said that there was no significant difference between reporting that the
complainant “blames the UK for Isil”, and the complainant’s position that
western interference had led to extremists travelling to join Isil. It also
said that it was not inaccurate to report that the complainant had called for
the destruction of Israeli in circumstances where said at a rally that “this time
it will be the end of Israel, inshallah”, and “down, down Israel”; it said this
indicated that the end of Israel was his personal wish, and that the article
did not say that he wished for the violent destruction of Israel.
7. The newspaper
said that the article did not report that the complainant supported the
stabbing of Israelis by Palestinians, as the article said that his Facebook
post was made “amid a wave of stabbings of Israelis by Palestinians”, and that
he “appeared” to support the stabbings”. It said that given what was occurring
in the region at the time, it was not an unreasonable interpretation of the
complainant’s post, and in any event, he had not explicitly said that the use
of stabbings as a form of protest could not be condoned. The newspaper said
that its criticism of the Finsbury Park mosque as playing host to “bigots,
extremists and terrorists” was justified, and it had identified two individuals
who had visited the mosque, one who called on people to “wage holy war against
the US and British invaders in Iraq”, and another who said that “wives who
displease their husbands should be beaten”.
8. The newspaper
said that its reporter had contacted the mosque on the day before publication
of the article, and while it had been unable to speak to the complainant, it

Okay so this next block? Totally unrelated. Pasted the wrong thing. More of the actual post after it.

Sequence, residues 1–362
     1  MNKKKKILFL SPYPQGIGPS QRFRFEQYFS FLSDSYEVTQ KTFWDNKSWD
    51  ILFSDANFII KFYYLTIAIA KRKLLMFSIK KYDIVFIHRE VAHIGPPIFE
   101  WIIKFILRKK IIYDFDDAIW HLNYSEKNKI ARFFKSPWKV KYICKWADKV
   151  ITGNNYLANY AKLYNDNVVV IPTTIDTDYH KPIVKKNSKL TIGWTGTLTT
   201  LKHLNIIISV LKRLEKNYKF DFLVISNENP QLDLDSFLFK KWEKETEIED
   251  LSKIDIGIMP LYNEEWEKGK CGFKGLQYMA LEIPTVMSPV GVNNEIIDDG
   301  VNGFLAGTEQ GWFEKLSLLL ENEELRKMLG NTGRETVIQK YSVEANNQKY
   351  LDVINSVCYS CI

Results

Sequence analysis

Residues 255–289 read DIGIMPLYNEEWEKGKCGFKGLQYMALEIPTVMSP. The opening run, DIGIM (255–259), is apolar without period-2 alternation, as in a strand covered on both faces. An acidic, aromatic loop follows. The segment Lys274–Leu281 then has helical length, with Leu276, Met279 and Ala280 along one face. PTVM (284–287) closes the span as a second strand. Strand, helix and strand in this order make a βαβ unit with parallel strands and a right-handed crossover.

had received an email address for him from somebody who had answered the phone.
It said that the complainant was then sent an email, which asked him to comment
on the claims what were published in the article. It said that on checking his
junk folder for the purposes of this complaint, the reporter discovered a
“bounce-back” email from the address he said he had been given.
9. The complainant
said that he had not been contacted by the newspaper prior to publication, and
had therefore not “declined to comment”. He said the email address the
newspaper purported to have sent an email to about the article did not exist.
He said that he did not understand why the reporter did not used the contact
form on the mosque’s website to get in touch, or the record the conversation he
said he had with a member of the mosque’s staff.
Relevant Code Provisions
10. Clause 1 (Accuracy)
i) The Press must take care not to publish inaccurate, misleading or distorted information or images, including headlines not supported by the text.
ii) A significant inaccuracy, misleading statement or distortion must be corrected, promptly and with due prominence, and — where appropriate — an apology published. In cases involving IPSO, due prominence should be as required by the regulator.
11. The complaint was not resolved through direct correspondence between the parties. IPSO therefore began an investigation into the matter.
An article of 13 March 2016 portrayed Mr Kozbar, the
Chairman of the Finsbury Park Mosque, as someone who 'blamed the UK for ISIL',
and appeared to support the use of violence in the Israel-Palestine conflict.
In fact, Mr Kozbar has never ‘blamed the UK for ISIL’ and abhors and condemns
the use of violence under any circumstances. Mr Kozbar also disputes a number
of other accusations contained in the article, and regrets that he was denied a
right of reply. We are happy to set the record straight.
13. The complaint said that this resolved the complaint to
14. As the complaint was successfully mediated, the
Complaints Committee did not make a determination as to whether there had been
any breach of the Code.
Date complaint received: 5/5/2016
Date complaint concluded by IPSO: 18/9/2016